The foods I have trialed are healthy and simple. They are foods like apples, grapes, quinoa, coconut, avocado, banana, corn, rice, potato, pear, spinach, cauliflower, strawberries, watermelon, cantaloupe, green beans, carrots, rice, mangoes, and broccolini. I have not found a single grain or fruit she can enjoy. We get excited. We try a food. She loves it. Her symptoms begin. We try to keep going. We fail. We clean up. We rest. She begs for the food we can’t give her. We do it all again. Now I am just tired and frustrated. What I wouldn’t give for a medical test to identify a few more ingredients to feed my baby.My God I have tried so hard. 

One time I used pink Himalayan salt on her food instead of the regular corn-free salt that I purchased. I did it intentionally because her salt is non-iodized and I know iodine is essential for health in trace amounts. I worry about her nutrition all the time, so this is a normal thought for me. I sprinkled some pink Himalayan salt on her eggs. The vomiting started that night. Did she get something by accident? Did I use a different brand of eggs? Does that matter? Did she eat a crumb off the floor? Did I use the bagged frozen broccoli instead of the fresh broccoli today? Does that matter? Did she get a piece of cat food again? (Yes, this happens) I figured it out. The vomiting stopped. Another time I bought the wrong brand of olive oil in a pinch at the grocery store. It was blended with a cheaper kind of oil. Vomiting. You can’t fool my girl. She’s more sensitive than the princess and the pea.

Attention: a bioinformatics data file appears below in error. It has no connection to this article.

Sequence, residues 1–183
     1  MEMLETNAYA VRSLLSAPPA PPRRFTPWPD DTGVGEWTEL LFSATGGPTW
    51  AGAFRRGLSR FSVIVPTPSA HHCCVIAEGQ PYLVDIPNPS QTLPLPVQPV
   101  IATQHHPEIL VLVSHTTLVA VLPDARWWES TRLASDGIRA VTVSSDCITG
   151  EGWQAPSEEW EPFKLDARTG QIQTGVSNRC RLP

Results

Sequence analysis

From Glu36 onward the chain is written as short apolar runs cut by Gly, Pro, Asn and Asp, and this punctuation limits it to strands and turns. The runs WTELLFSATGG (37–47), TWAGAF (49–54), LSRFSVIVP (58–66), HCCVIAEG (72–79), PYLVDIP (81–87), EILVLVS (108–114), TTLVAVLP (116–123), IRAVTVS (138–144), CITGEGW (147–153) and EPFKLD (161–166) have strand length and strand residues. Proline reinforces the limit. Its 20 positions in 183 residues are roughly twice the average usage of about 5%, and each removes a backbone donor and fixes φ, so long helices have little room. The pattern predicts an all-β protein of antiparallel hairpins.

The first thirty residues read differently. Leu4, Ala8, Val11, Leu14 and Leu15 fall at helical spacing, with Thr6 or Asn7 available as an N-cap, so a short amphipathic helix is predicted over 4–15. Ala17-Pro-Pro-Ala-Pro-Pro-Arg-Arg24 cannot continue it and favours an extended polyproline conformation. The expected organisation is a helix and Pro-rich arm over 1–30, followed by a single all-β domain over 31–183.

Last year we took the minivan to Hanging Rock, Tweetsie Railroad, and the beach. They’re joyful times. I post happy pictures. We legitimately have a blast. But every time we eat in the car, I hand my son a chicken nugget and I forget to clean my hands thoroughly. Then I touch my daughter’s food without thinking, handing it back to her in the car-seat. Two hours later she projectile vomits in the car. The only reason I know what triggers this is because it happened to us so many times that I finally put the pieces together.  Now here comes the fun part for FPIES parents. Was it the flour, the chicken, the oil it was fried in? Was it some additive? Welcome to the FPIES game! The only way to know what triggered it is to eventually pick one of these things, feed it to her and wait. No thank you.  

Now we use a fork to feed her in the car. She pulls the food off the fork and throws it on the floor. It is another kind of game. Over and over I throw away the food we carefully make for her because she contaminates it. We make more safe food. She eats some of it but she is tired of eggs and broccoli. My house smells like broccoli and hard-boiled eggs all the time. Yummy. My daughter likes to smear the egg yolks onto things. Things like carpet and upholstery. I get frustrated. I clean it up. Again. Why is it so hard? I wish I could give her some Cheerios. This is what an FPIES diagnosis looks like.